Tuesday, July 15, 2008

The Fun Side of Farming

At Shady Side Farm, we are trying to build soil health and not use synthetic chemicals on our land. I saw a poster in a doctors' office once that said "Healthy Soil, Healthy Plants, Healthy People", which I thought was very surprising. We've been learning about this as we switch over to organic, and I didn't know that any doctors had made the connection between soil health and people health yet. Good sign.

(In fact, does anyone else wonder if the amazing amount of sickness and obesity is related to what we eat? And I'm not talking about eating whole milk cheese instead of 2% milk cheese, here. I'm not a fan of "lowfat" foods that have to make up for the lost taste with high fructose corn syrup. I'm talking more about food that has been bred to "keep" well, ship far, and taste like sawdust. I'll bet the "keeping" and the "nutrition" are inversely proportional. Take the strawberries from California or Florida that crunch when you bite them. Strawberries are supposed to mush, not crunch.)

Anyway, I digress. 

The lack of herbicides means that we get to fight weeds the old-fashioned way. And let me tell you, it's not fun. How many of you would like to sign up for a immersion program that helped you understand life on a farm if it included activities like this?

It makes me want to reach for the Round-Up, truthfully.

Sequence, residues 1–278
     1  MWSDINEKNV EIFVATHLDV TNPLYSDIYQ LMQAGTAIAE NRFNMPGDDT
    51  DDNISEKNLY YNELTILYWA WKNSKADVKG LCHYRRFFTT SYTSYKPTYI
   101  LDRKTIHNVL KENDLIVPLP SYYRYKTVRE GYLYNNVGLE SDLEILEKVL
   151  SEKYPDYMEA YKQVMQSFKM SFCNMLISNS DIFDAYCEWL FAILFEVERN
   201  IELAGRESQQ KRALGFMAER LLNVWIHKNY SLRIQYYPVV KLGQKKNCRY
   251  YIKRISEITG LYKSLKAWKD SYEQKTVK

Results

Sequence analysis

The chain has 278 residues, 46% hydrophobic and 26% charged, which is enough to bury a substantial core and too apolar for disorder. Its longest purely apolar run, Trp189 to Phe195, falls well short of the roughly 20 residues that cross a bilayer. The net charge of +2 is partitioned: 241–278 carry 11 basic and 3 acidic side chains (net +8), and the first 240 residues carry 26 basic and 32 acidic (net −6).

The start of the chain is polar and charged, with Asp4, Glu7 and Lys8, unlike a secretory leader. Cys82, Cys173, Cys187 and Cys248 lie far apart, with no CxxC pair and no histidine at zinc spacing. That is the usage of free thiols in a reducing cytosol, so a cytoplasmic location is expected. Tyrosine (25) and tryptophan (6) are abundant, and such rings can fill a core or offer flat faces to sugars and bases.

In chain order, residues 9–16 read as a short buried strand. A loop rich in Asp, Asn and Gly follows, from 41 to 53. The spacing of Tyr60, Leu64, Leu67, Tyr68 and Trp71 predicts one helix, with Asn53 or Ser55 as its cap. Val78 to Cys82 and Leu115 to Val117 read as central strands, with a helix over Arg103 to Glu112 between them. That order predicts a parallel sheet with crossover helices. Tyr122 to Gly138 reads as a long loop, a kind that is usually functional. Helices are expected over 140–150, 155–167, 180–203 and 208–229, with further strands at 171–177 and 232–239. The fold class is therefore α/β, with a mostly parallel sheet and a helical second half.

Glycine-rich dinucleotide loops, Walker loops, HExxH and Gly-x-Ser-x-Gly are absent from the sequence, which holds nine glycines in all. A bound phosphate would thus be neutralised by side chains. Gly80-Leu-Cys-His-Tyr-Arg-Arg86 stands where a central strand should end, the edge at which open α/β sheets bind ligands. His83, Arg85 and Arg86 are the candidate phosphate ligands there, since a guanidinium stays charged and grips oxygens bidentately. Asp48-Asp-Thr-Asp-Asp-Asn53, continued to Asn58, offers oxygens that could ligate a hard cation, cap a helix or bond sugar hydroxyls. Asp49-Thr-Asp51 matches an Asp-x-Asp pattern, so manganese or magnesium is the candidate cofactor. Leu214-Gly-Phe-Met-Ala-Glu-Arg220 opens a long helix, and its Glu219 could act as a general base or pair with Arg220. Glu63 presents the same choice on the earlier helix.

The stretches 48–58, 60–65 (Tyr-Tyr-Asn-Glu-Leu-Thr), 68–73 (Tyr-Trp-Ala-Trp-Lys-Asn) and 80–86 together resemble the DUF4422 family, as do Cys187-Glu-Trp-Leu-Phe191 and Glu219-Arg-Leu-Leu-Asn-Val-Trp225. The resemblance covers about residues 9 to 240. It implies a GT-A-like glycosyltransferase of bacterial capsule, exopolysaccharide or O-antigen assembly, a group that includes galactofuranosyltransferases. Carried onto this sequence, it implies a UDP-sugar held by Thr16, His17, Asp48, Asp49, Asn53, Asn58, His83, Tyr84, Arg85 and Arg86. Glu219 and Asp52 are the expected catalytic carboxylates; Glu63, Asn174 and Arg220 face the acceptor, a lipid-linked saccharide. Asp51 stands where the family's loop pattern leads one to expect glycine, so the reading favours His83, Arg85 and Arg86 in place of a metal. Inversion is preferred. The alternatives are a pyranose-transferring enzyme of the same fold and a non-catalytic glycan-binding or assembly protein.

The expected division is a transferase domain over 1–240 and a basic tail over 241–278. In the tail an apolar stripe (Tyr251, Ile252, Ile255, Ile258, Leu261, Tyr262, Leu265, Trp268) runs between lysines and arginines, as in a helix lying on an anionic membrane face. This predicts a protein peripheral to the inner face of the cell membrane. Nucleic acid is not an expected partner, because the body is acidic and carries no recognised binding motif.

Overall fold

And if I find out that you are feeding thistle seed in your backyard bird feeder, I will automatically sign you up for thistle-diggin'. Bring your own shovel. This one's mine.


  1. Okay, I have to speak up for us thistle-feeders and let you know that the USDA requires Niger/Nyjer thistle seed to be heat-treated so it isn't viable.

    But in any case, Niger thistle (Guitzotia abyssinica) is actually more closely related to sunflowers. It looks like this:

    I've been feeding birds in the same spot for 17 years, and while I've grown the odd volunteer sunflower, I can honestly say I've never had one Niger thistle seed sprout.

    Here's another bit of trivia: the Latin name of the American goldfinch, Carduelis tristis, roughly translates as "thistle eradicator".

    MSU Hort. 1987, living about half an hour south of you. :)

  2. Hmmm...I looked at the photos and these are not them thistles! So if Niger thistle is what is in birdseed, then from whence come all these thistles of the non-Niger variety?

    I think I need to get me some goldfinch.

    Nice to meet you, alwen. Feel free to correct my misperceptions (esp. horticultural) anytime.

  3. Kathy has a donkey you could have.........donkeys, at least Pooh's friend, eat thistles, right????

  4. About your digression.....I have wondered those same things many times! I was very disappointed to learn that the fruit stand at our local farmer's market sells fruit shipped from out of state. The veggies are farm fresh, but the fruit is not. What is up with that? I say hooray for your old fashioned way!

  5. i definitely agree with your digression... even more scary to me are the meat and dairy we eat that's been given hormones and god knows what else! i wonder what cumulative effect that must have... kudos to you for going organi.

  6. I can't see them closely, but they look like Canada thistle, Cirsium arvense. My field guide says "Alien" and that they came from Europe.

    The USDA's page has them on the Noxious Weed list of more than 30 states:

  7. You might look into trying vinegar for some things. It kills grass. ;)

    One of my jobs as a kid was to use the sickle to cut down the thistles before they would bloom. Still have a scar to prove it. ;)


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